“It was awesome, very surprising,” Bradly said. “Especially that we got to be together. Mom and I, we’re kind of a package deal.”
Both McGinnises came into the Catholic Church last Easter.
“We wandered around for a long time and went to different churches,” said Judy McGinnis. “Nothing felt right. Bradly had an interest in the Catholic Church.”
They researched the church online and finally decided to go to St. Elizabeth Seton Mission.
“We’ve been there from the time the doors opened ever since,” she said. “It was like God saying ‘I love you, and I have something better for you, and here it is.’”
“We are a very small church, a mission church of St. Peter’s in LaGrange,” Judy McGinnis said. “I do anything I can, anything that needs to be done.”
She visits the sick and transports them to the hospital. She also chaired the yard sale.
A full-time teacher of severe, profound special education students at the high school, she also home-schools Bradly, a high school senior taking college courses at Columbus State University. He plans to go into the medical profession.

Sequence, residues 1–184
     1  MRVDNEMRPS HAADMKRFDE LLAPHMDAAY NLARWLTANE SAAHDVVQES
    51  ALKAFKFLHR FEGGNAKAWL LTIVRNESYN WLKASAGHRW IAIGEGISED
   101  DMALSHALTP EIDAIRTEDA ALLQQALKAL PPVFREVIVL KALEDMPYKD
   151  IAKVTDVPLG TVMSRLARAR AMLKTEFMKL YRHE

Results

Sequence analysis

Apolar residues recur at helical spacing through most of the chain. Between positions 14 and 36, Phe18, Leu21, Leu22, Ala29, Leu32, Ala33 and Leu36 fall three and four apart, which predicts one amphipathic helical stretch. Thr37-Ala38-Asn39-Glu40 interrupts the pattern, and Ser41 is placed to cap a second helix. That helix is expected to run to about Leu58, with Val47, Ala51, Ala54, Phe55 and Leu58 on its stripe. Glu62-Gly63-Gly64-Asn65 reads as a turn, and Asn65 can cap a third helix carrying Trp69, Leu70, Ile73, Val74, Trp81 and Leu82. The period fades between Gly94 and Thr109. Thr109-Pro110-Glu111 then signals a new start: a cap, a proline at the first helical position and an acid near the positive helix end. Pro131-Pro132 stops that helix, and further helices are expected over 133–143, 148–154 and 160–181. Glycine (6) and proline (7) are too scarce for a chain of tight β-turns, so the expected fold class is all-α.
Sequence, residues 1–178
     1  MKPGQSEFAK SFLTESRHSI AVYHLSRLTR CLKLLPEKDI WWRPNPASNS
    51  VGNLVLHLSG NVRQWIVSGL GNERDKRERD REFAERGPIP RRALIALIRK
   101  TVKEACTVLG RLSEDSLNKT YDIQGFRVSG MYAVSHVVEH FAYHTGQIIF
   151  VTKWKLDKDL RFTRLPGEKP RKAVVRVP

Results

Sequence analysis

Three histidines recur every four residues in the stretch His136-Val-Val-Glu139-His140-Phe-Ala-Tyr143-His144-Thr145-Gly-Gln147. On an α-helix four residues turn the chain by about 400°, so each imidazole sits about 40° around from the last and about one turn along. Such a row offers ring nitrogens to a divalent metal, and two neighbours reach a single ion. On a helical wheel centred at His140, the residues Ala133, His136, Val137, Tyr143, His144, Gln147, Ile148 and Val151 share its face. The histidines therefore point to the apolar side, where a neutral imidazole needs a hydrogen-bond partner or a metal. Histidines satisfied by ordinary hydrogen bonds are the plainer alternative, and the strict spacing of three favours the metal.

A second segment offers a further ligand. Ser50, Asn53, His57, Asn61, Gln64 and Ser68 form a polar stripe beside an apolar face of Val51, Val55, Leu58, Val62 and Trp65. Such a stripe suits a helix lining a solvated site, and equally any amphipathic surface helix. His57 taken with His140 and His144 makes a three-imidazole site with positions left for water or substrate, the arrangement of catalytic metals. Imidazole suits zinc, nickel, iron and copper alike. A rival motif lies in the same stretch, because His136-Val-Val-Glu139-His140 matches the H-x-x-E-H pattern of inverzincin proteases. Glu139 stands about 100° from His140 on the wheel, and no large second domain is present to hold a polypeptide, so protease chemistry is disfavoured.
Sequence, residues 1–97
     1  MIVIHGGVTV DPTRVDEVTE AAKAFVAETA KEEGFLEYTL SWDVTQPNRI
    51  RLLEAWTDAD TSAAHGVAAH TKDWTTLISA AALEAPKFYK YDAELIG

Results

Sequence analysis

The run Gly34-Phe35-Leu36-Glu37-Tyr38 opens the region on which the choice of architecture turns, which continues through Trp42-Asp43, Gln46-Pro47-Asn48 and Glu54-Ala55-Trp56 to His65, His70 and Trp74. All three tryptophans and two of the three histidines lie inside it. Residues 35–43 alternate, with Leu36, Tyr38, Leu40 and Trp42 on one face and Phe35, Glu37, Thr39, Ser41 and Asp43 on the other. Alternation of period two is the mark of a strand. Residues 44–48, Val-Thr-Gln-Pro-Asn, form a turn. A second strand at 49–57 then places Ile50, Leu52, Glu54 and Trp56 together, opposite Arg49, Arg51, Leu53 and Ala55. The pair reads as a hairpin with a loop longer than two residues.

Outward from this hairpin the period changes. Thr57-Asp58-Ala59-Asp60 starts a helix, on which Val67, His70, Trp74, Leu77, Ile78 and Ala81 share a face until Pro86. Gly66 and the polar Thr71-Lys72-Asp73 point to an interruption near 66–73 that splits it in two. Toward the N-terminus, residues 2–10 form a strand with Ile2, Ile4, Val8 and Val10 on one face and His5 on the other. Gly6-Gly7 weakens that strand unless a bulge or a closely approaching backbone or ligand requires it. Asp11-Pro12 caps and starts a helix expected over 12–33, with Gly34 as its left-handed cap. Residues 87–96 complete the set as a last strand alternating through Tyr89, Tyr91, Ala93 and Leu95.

“I’m the manual laborer of the church,” Bradly said. “I’m also the tech guy of the church.”
He said he does anything from setting up the Christmas tree to fixing the speakers. He also helps out at Roosevelt Place, an assisted living home for seniors.
“I do Bible study with them. I will play games like bingo, sometimes do small exercises with them, or I’ll just talk to them,” he said.
St. Paul of the Cross youth minister, daughter honored
A mother and daughter were honored by St. Paul of the Cross Church, Atlanta.
“Honestly, it kind of took me by surprise,” said Kristi Crawford, St. Paul’s Woman of the Year, who has been parish youth minister for the past four years. “I don’t like acknowledgements. I like to quietly go about my business. But it is an honor. The fact they thought to honor me with it means more to me than anything else.”
“I was excited,” said Nadia, her daughter, a senior at Our Lady of Mercy High School, Fayetteville, who is president of the teen group at St. Paul of the Cross.